This is not the entrance

25Oct12

The last few times I’ve gone out to breakfast, I’ve watched an amusing scene unfold. You see, the restaurant in question was constructed without a revolving door. As temperatures have fallen, this means that a harsh gust of wind blows right through the standard door each time someone opens it. To remedy the situation, the restaurant decided to use a separate enclosed walkway as their so-called winter entrance, and direct customers to that door instead.

What’s so funny about this? I typically sit near the inoperable door, and it’s incredible to watch how many people walk up, stare at the door incredulously, and even try to open it. This occurs despite numerous cues showing that the entrance door has been moved, including printed signs, brightly-colored arrows, and even a fall decorative display blocking half of the door opening. Eventually, they give up and walk over to the second entrance.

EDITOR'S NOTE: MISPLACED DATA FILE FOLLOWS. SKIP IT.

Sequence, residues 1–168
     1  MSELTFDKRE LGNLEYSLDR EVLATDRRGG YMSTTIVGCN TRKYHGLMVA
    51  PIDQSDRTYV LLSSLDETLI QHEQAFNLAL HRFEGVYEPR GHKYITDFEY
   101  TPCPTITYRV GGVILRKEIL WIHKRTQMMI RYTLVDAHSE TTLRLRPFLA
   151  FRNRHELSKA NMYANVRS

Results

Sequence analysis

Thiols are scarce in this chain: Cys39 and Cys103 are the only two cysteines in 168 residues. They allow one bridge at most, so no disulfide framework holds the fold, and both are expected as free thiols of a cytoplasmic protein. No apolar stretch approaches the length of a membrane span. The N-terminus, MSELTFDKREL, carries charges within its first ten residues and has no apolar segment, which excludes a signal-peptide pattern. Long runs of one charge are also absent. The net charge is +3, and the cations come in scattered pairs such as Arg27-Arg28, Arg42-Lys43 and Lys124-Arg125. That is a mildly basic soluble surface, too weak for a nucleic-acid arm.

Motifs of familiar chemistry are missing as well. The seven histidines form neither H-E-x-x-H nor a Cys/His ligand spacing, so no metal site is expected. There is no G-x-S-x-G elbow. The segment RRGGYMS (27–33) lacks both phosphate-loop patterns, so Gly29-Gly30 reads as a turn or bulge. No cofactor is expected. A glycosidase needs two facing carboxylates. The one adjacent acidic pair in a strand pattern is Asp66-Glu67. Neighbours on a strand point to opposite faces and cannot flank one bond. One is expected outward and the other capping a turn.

As this experience illustrates, people are creatures of habit, and it’s hard to retrain them once they’ve gotten accustomed to something. To get customers to follow a request, you might need to take things to a near-comical level. Returning to my example, I’d love to see what would happen if the restaurant covered the entire inside door frame with giant text saying “This is not the entrance”, or even removed the outside handle from the door. While they might still get a few confused customers, I bet a larger percentage of people would figure out which door to use on the first try.



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